Packaging Tech: Heating things up
According to an article in Prepared Foods magazine, microwaveable-package design requires a continuing compromise between cost and value to the marketplace versus quality of results, ideal configurations versus merchandizing considerations, round versus square containers, high-sided versus low-sided containers, and so forth.
Compliance with existing Food and Drug Administration regulations is a given, yet safety, product liability and marketing considerations dictate going beyond the scope of published regulations to test products and packages together in microwave applications. It remains critical, that at high temperatures, food is not adulterated by packaging materials.
Tamper-proof, recyclable and environmentally friendly packaging options have also become increasingly desirable and marketable. More food companies are likely to adopt aggressive policies to stimulate the development of microwaveable green packaging.
A detailed study from Burnsville, Minn.-based Allied Development Corp. forecasts that microwaveable packaging will continue its astounding growth rate â€” an 11.6-percent increase annually through 2011. There are many key factors behind this growth clip, including emerging technologies and packaging formats.
Packaging pragmaticsAllied’s analysis suggests that one of the hottest markets for microwaveable products is the segment of refrigerated meat and poultry entrees. Hormel’s Beef Roast Au Jus and Tyson’s Pork Roast with Gravy, for example, are two of the industry’s many entrees utilizing a cook-in-bag technique as part of its microwaveable packaging strategy. As more evidence of the growing momentum in this category, suppliers have developed a packaging approach that uses a barrier tray and self-venting lid stock.
The importance of “dual-ovenability” â€” products that can be heated in a microwave and conventional oven â€” continues to be top of mind for many suppliers of microwaveable-packaging components. For instance, “Heat and serve” packages allow center-of-the-plate entrees â€” from beef tips, pot roast, pork roast, pulled pork and chicken breasts â€” to be fully cooked, distributed and sold in the same package. The cook-in technology is more efficient for processors and gives consumers a high-quality product that has undergone minimal handling.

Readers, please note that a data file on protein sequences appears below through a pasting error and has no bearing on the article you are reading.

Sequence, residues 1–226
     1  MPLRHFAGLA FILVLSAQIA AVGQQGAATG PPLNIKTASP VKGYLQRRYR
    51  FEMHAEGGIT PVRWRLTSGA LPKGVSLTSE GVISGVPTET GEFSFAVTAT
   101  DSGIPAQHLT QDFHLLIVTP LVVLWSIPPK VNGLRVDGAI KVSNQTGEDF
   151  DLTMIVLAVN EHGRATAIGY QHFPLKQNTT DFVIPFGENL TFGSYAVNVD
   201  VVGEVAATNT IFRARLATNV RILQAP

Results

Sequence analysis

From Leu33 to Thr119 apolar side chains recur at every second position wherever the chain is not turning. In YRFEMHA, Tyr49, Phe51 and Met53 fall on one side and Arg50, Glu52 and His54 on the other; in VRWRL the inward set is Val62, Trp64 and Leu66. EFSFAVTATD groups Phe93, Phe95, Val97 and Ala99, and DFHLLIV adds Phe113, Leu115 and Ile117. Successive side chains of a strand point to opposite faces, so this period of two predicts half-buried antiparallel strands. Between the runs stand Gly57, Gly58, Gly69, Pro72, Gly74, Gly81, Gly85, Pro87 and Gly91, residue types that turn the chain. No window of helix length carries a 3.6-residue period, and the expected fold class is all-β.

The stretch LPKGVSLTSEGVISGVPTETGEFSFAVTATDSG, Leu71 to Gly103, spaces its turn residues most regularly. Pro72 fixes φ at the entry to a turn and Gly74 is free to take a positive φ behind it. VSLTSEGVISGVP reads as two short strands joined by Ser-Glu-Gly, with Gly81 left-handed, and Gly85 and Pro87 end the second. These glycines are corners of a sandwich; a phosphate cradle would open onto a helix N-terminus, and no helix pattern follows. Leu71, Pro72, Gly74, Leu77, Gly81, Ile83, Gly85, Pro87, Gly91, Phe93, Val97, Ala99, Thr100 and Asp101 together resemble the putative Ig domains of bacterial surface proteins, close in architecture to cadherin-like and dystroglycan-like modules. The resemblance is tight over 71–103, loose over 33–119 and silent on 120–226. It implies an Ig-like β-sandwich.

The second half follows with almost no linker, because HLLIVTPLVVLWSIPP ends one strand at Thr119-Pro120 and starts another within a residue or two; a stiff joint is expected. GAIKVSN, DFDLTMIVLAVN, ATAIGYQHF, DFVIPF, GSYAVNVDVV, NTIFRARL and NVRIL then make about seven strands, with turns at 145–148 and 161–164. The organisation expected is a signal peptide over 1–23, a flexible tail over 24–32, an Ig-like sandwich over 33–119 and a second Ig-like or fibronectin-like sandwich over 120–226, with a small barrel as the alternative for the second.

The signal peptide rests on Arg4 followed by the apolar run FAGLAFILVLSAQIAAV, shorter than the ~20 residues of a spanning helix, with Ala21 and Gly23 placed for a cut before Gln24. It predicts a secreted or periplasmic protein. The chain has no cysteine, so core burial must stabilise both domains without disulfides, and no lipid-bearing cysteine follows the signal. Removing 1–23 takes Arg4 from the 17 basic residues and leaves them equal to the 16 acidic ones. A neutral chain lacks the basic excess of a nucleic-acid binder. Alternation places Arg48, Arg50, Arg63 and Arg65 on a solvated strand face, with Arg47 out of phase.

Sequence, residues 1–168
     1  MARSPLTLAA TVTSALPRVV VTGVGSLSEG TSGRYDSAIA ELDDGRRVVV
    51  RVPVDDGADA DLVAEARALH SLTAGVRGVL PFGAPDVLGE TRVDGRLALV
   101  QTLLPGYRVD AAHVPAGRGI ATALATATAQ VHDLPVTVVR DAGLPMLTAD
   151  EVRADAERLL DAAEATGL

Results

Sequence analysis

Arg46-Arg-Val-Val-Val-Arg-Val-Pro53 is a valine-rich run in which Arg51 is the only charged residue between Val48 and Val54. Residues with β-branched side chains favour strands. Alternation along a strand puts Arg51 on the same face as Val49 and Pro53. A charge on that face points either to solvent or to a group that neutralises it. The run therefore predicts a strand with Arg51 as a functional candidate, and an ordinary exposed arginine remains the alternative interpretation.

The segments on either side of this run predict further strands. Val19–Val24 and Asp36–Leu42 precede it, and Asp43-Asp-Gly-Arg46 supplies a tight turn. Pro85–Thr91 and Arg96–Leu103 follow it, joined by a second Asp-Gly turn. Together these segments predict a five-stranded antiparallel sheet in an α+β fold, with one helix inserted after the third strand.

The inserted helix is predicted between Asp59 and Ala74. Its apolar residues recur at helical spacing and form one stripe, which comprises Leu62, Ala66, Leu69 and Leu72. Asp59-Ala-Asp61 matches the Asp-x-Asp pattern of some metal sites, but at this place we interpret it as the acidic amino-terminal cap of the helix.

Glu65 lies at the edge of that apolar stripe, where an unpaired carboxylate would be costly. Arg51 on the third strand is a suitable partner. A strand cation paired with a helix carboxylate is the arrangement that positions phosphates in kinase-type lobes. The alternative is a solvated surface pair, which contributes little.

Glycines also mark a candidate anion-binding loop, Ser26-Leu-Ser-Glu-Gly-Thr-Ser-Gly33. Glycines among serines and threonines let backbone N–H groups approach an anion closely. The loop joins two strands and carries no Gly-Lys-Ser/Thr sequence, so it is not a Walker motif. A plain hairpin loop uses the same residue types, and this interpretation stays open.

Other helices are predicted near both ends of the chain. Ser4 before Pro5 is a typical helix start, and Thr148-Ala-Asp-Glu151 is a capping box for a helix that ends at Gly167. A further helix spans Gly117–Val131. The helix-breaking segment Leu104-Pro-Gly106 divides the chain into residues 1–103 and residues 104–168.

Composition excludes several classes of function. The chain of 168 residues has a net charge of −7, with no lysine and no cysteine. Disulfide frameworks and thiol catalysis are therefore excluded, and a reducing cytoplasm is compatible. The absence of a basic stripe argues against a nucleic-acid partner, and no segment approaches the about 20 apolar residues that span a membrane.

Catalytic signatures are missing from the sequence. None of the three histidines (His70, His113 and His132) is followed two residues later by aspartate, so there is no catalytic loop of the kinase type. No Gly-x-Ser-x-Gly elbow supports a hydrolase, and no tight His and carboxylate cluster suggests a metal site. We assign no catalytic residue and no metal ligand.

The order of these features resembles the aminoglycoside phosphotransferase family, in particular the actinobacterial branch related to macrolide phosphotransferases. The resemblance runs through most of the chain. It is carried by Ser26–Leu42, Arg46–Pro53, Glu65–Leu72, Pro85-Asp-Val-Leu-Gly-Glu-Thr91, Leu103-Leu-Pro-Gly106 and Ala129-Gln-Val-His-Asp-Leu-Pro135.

These packages are typically made from a polypropylene (PP) tray that has a barrier laminate and easy-open sealant. The top web film forms a single, multilayer structure. Not only can consumers keep product in this type of package, but they don’t have to puncture the upper film for ventilation during microwave cooking.
Some of today’s microwaveable packages are wrapped with a paperboard sleeve with colorful branding, a window so consumers can see the product in the tray, and heating instructions. Curly’s fully cooked barbecue pulled meat products, for instance, employ a mold-injected tub wrapped with this type of paperboard sleeve for jam-packed product marketing with eye-popping appeal.
Another industry innovation is a package that allows foods cooked in the microwave to have similar browning and crisping characteristics as foods cooked in a conventional oven. The package/tray has a series of foil patterns and susceptors that change the way microwave energy interacts with food and allows for browning and crispiness of the food’s surface. This type of packaging redistributes the microwave power to the appropriate areas of the food â€” whether frozen, refrigerated or ambient â€” to enhance the cooking quality of the product.
To order a copy of the referenced study â€” Microwaveable Packaging: Trends, Technologies, Futures â€” 2004 to 2008, please contact Packaging Strategies at www.packstrat.com or Allied Development Corp. at www.allied-dev.com.